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In this article, I explore the importance and purpose of an effective SEO content strategy at a website's UX design stage, and why this is a vital aspect to any digital strategy, as well as the health of your new website.
If you’re building a new website for your company, whether that’s with an agency or not, then you’ll know that each build should begin with a digital strategy encompassing an SEO content strategy (sometimes referred to as a search strategy) which informs the UX phase of the project.
When we think UX, we think wireframes and compelling user journeys, yet, an aspect that is so often overlooked is the website content itself. In a lot of cases, it’s an afterthought. Once the website has been designed and built, content is jammed in, and weird and not so wonderful tricks are used to make this happen.
A website without well thought-out, SEO optimised, user-centric content may as well not exist…
This is because a website that doesn't rank well, won't ever be seen, and if it is discovered, it's less likely to be found by your target audience.
Ranking factors go beyond typical SEO. Google's algorithm is ever changing, and the user is at the very centre of these changes, hence the need to include the SEO content strategy at the early stages of a new website build.
The aim of the SEO content strategy is to inform the wireframes, taking users on a journey that builds as the user moves through the site, and in turn, creating an experience that genuinely contributes.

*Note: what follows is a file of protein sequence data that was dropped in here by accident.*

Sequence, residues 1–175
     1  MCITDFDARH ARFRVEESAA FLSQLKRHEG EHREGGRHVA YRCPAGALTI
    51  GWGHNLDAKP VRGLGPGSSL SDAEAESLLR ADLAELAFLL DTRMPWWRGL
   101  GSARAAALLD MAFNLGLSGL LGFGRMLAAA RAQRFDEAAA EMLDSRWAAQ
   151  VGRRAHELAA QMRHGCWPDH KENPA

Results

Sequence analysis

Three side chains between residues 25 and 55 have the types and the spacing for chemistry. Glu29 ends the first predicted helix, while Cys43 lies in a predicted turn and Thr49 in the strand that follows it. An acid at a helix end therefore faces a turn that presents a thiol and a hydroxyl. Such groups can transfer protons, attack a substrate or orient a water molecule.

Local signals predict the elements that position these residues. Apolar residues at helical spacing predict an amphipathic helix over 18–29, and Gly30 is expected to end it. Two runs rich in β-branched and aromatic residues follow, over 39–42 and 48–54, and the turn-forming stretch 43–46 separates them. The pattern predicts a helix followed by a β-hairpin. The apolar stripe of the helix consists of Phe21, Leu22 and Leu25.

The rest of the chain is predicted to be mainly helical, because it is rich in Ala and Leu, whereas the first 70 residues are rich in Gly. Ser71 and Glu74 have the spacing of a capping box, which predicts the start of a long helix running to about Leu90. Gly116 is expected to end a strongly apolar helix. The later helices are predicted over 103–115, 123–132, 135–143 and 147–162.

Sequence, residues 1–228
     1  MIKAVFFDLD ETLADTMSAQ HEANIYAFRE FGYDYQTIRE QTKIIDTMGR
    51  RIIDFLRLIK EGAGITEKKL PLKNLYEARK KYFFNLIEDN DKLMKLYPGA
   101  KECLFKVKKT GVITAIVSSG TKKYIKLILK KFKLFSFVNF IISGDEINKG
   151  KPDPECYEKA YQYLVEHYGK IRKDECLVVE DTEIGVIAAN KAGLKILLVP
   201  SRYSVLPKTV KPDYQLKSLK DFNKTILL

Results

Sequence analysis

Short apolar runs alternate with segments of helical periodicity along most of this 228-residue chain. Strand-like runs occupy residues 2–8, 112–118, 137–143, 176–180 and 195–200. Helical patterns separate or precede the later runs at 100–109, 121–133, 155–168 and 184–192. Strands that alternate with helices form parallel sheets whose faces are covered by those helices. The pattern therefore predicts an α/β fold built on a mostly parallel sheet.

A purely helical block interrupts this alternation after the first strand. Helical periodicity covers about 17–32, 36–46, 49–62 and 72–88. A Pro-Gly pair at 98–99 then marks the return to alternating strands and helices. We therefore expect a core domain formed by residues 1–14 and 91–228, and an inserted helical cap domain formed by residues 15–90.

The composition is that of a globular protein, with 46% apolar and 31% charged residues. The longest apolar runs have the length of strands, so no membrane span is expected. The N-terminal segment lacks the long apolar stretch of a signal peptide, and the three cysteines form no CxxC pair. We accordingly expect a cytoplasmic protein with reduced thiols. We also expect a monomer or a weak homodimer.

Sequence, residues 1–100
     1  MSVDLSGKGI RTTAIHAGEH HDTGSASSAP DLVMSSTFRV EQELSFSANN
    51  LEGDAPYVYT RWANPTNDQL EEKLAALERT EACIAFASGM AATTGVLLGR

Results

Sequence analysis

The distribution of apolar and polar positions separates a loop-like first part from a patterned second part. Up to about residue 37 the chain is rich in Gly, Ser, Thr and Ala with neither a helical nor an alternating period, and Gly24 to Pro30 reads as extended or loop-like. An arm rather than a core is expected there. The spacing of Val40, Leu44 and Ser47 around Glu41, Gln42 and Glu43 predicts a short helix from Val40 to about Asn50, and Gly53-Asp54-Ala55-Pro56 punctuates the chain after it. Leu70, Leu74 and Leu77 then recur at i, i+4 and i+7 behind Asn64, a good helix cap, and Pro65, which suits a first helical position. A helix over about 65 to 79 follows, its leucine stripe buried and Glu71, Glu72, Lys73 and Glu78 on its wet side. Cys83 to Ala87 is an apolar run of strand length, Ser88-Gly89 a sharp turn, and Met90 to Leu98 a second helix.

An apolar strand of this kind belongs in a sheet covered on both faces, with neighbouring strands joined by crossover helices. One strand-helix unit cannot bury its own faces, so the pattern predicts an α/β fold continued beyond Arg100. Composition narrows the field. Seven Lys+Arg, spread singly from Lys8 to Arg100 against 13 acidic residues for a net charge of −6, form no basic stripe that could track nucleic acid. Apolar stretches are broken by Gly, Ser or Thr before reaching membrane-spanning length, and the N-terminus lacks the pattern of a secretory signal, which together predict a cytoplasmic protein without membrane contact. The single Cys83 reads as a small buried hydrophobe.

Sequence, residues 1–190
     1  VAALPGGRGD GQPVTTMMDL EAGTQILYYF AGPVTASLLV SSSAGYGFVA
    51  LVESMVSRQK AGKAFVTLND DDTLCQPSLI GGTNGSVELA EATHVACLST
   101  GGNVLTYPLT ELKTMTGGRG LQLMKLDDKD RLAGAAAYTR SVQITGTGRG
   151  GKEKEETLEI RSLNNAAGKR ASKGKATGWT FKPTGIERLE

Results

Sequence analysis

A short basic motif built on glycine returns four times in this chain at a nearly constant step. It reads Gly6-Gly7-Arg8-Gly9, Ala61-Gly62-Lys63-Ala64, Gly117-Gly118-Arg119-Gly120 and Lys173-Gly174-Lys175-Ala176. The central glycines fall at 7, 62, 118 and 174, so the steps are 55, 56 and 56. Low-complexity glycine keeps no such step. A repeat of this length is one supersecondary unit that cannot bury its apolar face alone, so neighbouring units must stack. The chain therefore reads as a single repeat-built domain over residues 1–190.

Content is king, and UX designers must understand the importance of content and how content is the driving force behind decision making. Of course, UX and UI are of upmost importance in organising pages for the hierarchy of specific content, letting content breathe so as to avoid analysis paralysis, but it’s the content that’s consumed by the user, and this is what will resonate with them. In short, this shouldn’t be an afterthought in any circumstance.
So, SEO content strategists must work in harmony with UX designers to design the most compelling, user journeys that tell stories based on what the user is looking for.
In my opinion, strong content doesn’t necessarily have to be clever. I always think this can go one of two ways: your audience gets it, or they don’t. If they don’t, you risk not capturing them. Unless you have 100% confidence that your clever copy, or play on words, will be interpreted in the way you want, avoid it.
It doesn’t have to be walls of text. You don’t have to use fancy words to make your brand sound more credible.
What it must do is tell a clear, genuinely interesting story.
I like to think of the three 'Is' before starting any story, and it’s good to place your customer at the centre of these and work out the answers. The result? Great content!
The three 'Is' include:
By using this approach, you can demonstrate to your audience that you understand them - their pain points, what they need to know and their desires.
Whatever content you’re writing, it should pique interest. In a nutshell, grab your audience’s attention. This would usually start with your headline, so it must be snappy. Get them hooked from that very moment.
For the rest of the content, whatever tactic you use, and whatever the tone of voice, I’m a firm believer of writing loud and clear to quickly communicate important points. Remember, we’re time-poor nowadays – reading an article for most people would be skim reading heading tags to find what they’re looking for. I am a lover of content, and I still do this. (More on this later.)
So, we’ve grabbed their attention. Great. Now we must inform them. Tell them what they don’t know. Now, there are ways to get this information, but we need dedication! Keep reading – again, more on this later.
When we consume content, we’re eager to learn more about whatever it is we’re reading. So, again, any content you’re writing should be informative. Now that’s not to say go ahead and waffle on and on, but do be clear, and be informative enough to inspire…